3. The background of CBT

3.1 Cognitive therapy

Cognitive therapy is organised around the idea that behaviour is based on schemas and that these are shaped by early experiences. Schematic thoughts consist of memories, attitudes, core beliefs and assumptions and are factors that, when occurring in certain circumstances, can result in individuals spiralling into negativity and consequential psychological problems [31]. Implicit memories (memories no longer consciously perceived) and explicit negative memories of past experiences can trigger latent patterns of thoughts, emotions and behaviour, resulting in a vicious cycle that maintains and exacerbates the non-helpful behaviour. It is argued that implicit memory is the unconscious remembering of thoughts that accompanied specific events. If negative thoughts have been encoded, implicit feelings are brought into conscious awareness causing both physiological and psychological symptoms [32]. It has been concluded that interventions should focus on problematic over-activation of safety behaviours [33]. This research was extended when the common elements in different anxiety disorders (dysfunctional thinking, physiological reactions, and behavioural responses based on the ‘fight or flight syndrome’, the body’s reaction to unpleasant experiences) were reviewed, and a process map of treatment formulated enabling therapists to adhere to a treatment plan [34].

3.2 Behavioural therapy

Behavioural therapy, in contrast to cognitive therapy, is based on the premise that undesirable behaviours are learned and as such can be ‘unlearned’ through a process of systematic desensitisation. It is argued that desired behaviours can be taught and reinforced and unwanted behaviours eliminated [35]. Behavioural therapy was expanded when the theory of shaping behaviour by a system of rewards and punishment was first postulated [36]. Behavioural theorists consider that specific phobias and anxiety conditions are acquired through a process of classical conditioning, and that all learned responses derive from innate behavioural patterns, the stimulus/response paradigm [37]. The basis of behavioural therapy encouraged therapists to use techniques aimed at changing the negative affect, introducing positive cognitions through the use of language [38].

While behavioural therapy is based primarily on learning theory and cognitive therapy is rooted more in cognitive theory, the two systems have much in common [39]. Both behavioural and cognitive therapy focus on changing dysfunctional behaviour that occurs in feared situations and both concentrate on positive visual imagery of the environment and situation in which the maladaptive behaviour occurs. Other commonalities are management of physiological and somatic symptoms of anxiety and verbal-assisted coping strategies. However, there are differences in the techniques used in each therapy: the behaviourists concentrate on systematic desensitisation and sequencing of negative images [40], whereas cognitive therapists target the patient’s unhelpful reported thoughts [39]. However, the methodologies of behavioural therapists were integrated with cognitive therapies, resulting in a heterogeneous set of techniques and procedures that distinguished between conscious beliefs and unconscious representations in memory [41]. This was a new concept developed from behavioural therapy and became known as cognitive behavioural therapy, resulting in specific cognitive behavioural treatments being developed for a variety of psychological problems [42].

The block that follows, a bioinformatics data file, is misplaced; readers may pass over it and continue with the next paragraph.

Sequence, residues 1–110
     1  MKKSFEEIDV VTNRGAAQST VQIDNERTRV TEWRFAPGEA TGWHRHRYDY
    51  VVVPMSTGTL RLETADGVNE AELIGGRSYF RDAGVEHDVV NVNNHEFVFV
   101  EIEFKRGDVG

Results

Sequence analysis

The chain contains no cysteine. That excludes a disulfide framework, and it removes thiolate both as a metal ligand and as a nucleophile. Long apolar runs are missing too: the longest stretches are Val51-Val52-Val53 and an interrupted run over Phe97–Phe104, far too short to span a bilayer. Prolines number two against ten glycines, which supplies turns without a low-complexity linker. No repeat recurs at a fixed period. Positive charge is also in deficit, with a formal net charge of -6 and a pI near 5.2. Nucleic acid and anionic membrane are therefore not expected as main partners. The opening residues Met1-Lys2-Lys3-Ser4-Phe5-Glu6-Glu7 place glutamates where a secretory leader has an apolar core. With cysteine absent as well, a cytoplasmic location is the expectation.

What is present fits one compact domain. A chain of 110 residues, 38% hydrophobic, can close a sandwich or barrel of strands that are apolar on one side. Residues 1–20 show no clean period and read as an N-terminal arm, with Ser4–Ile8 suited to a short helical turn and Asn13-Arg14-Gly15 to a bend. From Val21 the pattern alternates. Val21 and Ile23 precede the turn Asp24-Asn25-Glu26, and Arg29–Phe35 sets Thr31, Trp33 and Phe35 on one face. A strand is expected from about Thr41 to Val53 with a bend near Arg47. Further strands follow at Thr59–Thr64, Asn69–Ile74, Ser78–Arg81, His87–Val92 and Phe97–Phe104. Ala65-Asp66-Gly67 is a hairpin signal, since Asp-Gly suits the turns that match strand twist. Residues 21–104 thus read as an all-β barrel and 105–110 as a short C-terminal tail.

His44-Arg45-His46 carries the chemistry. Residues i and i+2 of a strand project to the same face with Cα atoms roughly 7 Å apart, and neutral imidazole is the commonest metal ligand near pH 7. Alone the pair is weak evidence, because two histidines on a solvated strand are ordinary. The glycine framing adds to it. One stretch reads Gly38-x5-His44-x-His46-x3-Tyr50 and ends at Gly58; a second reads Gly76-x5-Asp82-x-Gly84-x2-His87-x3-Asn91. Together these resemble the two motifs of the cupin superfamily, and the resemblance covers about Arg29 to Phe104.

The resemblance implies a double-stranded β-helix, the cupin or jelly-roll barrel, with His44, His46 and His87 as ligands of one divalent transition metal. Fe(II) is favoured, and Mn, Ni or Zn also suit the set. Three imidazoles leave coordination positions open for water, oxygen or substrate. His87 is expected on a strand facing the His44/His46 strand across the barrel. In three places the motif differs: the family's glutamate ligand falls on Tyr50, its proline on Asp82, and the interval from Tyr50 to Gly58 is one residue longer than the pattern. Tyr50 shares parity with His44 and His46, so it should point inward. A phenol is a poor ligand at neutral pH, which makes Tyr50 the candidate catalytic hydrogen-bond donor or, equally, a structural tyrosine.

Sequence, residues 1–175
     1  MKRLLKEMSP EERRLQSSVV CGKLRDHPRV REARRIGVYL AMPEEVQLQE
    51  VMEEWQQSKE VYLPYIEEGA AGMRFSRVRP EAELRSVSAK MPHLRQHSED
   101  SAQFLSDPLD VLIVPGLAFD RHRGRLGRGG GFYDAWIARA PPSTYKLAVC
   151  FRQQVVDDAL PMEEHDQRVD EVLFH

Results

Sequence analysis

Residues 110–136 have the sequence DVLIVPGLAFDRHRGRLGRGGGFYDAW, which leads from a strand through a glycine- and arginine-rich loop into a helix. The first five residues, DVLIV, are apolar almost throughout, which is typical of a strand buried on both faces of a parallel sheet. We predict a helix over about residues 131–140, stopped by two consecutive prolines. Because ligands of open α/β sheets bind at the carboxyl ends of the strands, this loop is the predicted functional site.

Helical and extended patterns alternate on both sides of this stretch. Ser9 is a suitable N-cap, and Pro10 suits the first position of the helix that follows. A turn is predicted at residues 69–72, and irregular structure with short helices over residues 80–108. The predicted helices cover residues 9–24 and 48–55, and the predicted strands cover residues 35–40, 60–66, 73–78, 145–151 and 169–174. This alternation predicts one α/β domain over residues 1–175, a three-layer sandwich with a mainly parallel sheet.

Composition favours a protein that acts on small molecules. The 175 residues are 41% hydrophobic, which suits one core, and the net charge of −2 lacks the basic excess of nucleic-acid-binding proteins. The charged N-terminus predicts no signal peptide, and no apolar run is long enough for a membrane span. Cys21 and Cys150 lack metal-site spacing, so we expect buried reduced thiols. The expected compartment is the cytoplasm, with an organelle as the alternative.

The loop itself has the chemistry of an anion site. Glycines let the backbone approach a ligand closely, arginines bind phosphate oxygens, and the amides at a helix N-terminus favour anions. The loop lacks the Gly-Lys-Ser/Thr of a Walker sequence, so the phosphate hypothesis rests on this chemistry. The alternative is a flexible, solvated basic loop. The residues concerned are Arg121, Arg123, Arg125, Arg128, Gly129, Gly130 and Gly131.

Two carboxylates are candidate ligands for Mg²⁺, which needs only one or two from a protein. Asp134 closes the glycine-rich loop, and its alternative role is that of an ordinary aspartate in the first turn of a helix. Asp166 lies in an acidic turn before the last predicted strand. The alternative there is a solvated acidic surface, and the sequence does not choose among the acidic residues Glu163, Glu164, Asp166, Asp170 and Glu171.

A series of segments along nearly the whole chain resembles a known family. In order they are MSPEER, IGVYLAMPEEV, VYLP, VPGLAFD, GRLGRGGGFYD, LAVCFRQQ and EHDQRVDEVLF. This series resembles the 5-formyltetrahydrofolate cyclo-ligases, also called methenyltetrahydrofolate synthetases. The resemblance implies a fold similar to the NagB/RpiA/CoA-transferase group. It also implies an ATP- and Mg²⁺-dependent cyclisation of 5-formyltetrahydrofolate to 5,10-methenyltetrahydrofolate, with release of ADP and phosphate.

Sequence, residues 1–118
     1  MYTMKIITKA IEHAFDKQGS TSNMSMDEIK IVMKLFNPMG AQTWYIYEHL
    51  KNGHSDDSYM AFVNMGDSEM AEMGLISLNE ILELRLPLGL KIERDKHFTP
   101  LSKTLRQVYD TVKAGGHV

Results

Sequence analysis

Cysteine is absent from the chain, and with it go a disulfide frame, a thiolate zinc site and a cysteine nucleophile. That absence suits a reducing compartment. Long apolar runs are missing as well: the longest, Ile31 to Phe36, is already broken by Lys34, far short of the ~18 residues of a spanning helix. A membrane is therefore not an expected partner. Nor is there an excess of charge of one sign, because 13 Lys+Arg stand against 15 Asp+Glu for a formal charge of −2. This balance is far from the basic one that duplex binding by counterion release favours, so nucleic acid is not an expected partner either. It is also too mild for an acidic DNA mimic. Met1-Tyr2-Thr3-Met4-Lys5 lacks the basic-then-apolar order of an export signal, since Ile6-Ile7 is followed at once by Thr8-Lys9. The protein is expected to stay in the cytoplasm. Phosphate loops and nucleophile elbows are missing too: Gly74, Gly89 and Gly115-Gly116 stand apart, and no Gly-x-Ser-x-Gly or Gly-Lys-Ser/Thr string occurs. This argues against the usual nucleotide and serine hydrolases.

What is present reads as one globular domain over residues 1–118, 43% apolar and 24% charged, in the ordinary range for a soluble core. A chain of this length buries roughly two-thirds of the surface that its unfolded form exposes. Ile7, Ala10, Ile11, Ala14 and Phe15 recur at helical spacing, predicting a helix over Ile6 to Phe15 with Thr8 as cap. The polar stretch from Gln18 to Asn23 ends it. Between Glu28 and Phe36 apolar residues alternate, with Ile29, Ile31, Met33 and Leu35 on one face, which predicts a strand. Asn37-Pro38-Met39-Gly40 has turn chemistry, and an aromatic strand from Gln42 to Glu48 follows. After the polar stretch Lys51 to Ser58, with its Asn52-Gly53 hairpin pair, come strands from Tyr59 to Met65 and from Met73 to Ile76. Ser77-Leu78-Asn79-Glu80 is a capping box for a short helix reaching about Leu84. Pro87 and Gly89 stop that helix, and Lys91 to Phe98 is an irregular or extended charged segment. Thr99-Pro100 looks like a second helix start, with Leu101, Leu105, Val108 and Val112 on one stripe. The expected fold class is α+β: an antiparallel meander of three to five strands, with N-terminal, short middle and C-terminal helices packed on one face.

3.3 Cognitive behavioural therapy (CBT)

Since the 1960s, cognitive behavioural theory has gained popularity. CBT uses a combination of behavioural and cognitive interventions aimed at changing negative thinking patterns and behaviours and is one of the most researched psychological interventions [43]. CBT is frequently used in the clinical environment and its practice is evidence-based. It focuses on the way individuals think and act in specific circumstances and how emotional and behavioural problems may be overcome. It adopts a formulation of protocols and procedures that are used to treat psychological conditions, and enables development of flexible realistic beliefs [22]. Individuals are helped in the pursuit of goals, and emotional problems are aided and overcome by directing cognitions towards memories, images, thoughts and attention [42].

Specific patterns of thinking are associated with a range of psychological problems and through its development, CBT has adopted treatments for anxiety conditions and emotional disorders such as depression, generalised anxiety disorder, panic disorder, post-traumatic stress and specific phobias [44]. There are a number of distinctive diktats and protocols that contribute to an effective model of CBT. Various longitudinal formulations have been devised to aid the management and treatment of problems. However, for the purpose of this review, the formulation devised by Persons [45] is used, as this diagram is most usually associated with CBT and bridges the gap between behavioural and cognitive formulations [38]. An adaptation of the diagram illustrates the relationship to the root cause and effect of anxiety.

Persons’ Formulation (1989)

Early Experience: Negative experience either from teacher, parents or peers.

Schemas: Become maladjusted and lead to mistrust. Mistrusts ability to do things.

Core Beliefs: Negative cognitions result in anxiety leading to behavioural and physiological problems.

Assumptions: I know I will feel anxious because it always happens and then I will ........... (becomes a self-fulfilling prophecy).

Trigger: Thought of an impending event.

Vicious cycle:

Negative Automatic Thought (NAT): Negative thoughts of dread, apprehension and failure.


Consequence: The conceptualised belief regarding the event is realised.

Feeling: Hopelessness, worthlessness, depression, shame and withdrawal.


Behaviour: Decision not to put themselves in that situation again.